In my estimation, one of the solutions to this apathy lies in the development of a culture of respect by all concerned for the Jamaican music industry but it must start with the players in the industry themselves.
Of course artistes, musicians, producers, arrangers, studio engineers, managers, booking agents, record label executives, and the list goes on, all have an inherent respect for the business, after all it is what puts food on their table and pays bills, but there is a deep-seated respect that is too often missing and is one of the factors that results in the music just moving along at a slow or moderate pace rather than living up to it potential of supersonic speed.
The respect, or lack, of which I speak of can seen in the general absence of a business-like attitude to the industry as exhibited by the many of our local entertainment practitioners.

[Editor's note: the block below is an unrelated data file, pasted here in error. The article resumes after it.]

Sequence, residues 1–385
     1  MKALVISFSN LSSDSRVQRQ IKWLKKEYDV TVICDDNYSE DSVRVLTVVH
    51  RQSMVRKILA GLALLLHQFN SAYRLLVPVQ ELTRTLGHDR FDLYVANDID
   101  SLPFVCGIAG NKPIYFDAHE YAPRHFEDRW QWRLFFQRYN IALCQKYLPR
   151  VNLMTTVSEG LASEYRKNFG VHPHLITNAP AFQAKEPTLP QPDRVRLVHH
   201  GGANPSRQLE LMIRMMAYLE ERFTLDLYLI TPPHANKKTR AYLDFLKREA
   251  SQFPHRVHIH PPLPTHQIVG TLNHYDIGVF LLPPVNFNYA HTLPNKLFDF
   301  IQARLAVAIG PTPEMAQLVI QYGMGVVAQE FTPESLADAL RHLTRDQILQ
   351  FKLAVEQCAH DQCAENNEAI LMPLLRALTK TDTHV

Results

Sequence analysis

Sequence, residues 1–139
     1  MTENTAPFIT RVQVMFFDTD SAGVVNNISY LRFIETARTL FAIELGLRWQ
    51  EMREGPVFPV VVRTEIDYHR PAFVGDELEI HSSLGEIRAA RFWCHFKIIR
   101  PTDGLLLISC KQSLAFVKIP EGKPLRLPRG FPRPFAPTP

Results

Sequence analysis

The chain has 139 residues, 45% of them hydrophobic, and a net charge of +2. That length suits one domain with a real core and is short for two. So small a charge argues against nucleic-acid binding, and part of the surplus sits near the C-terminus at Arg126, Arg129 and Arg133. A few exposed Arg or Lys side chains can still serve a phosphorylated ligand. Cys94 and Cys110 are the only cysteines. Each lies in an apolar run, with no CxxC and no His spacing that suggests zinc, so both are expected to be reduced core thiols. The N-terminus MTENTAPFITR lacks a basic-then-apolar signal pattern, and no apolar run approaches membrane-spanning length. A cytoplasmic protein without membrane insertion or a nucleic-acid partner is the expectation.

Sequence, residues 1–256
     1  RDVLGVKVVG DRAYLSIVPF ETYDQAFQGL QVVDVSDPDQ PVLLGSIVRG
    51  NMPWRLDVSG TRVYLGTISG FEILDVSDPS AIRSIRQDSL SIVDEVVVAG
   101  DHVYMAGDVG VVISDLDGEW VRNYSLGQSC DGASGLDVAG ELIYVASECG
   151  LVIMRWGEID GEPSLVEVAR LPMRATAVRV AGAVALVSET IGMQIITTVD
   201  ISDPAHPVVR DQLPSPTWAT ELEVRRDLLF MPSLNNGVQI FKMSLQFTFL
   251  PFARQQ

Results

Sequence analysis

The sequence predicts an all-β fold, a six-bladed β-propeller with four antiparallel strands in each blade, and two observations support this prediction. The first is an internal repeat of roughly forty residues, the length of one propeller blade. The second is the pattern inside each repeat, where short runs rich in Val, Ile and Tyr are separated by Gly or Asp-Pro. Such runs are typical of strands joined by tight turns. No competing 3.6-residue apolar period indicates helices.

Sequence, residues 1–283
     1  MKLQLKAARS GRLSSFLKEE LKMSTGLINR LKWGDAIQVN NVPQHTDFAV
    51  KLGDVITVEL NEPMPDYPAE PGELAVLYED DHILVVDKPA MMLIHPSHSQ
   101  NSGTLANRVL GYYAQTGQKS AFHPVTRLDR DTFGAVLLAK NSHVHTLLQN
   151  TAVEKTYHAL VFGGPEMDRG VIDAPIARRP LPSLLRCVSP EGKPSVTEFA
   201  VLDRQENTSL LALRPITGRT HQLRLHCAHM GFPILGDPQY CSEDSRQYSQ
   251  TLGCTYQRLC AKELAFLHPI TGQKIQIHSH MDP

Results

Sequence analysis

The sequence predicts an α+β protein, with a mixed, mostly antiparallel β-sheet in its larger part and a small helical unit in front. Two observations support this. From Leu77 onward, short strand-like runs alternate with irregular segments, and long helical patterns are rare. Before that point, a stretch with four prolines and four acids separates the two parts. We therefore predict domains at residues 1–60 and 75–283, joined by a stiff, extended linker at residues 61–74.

Stories abound which give credence to this widely held view that our artiste 'nuh ready fi di big league' because of the disrespect shown to the industry. I recall one of the few and unfortunately short-lived entertainment industry award shows. A popular artiste had multiple nominations going into the event. After a few of the envelopes were opened it was clear he was going to be the night's big winner. But he was not on hand to receive any of his trophies. When one of the major awards was revealed and he was named winner it was announced that the popular act was in the parking lot and making his way inside. The show halted, presenters stood on stage in anticipation as they wanted on said artiste to make his way to the stage, he never did, resulting in the obligatory ... “we will accept the award on his behalf”.
The artiste was reportedly in the parking lot, but never left his car and after a while simply drove away.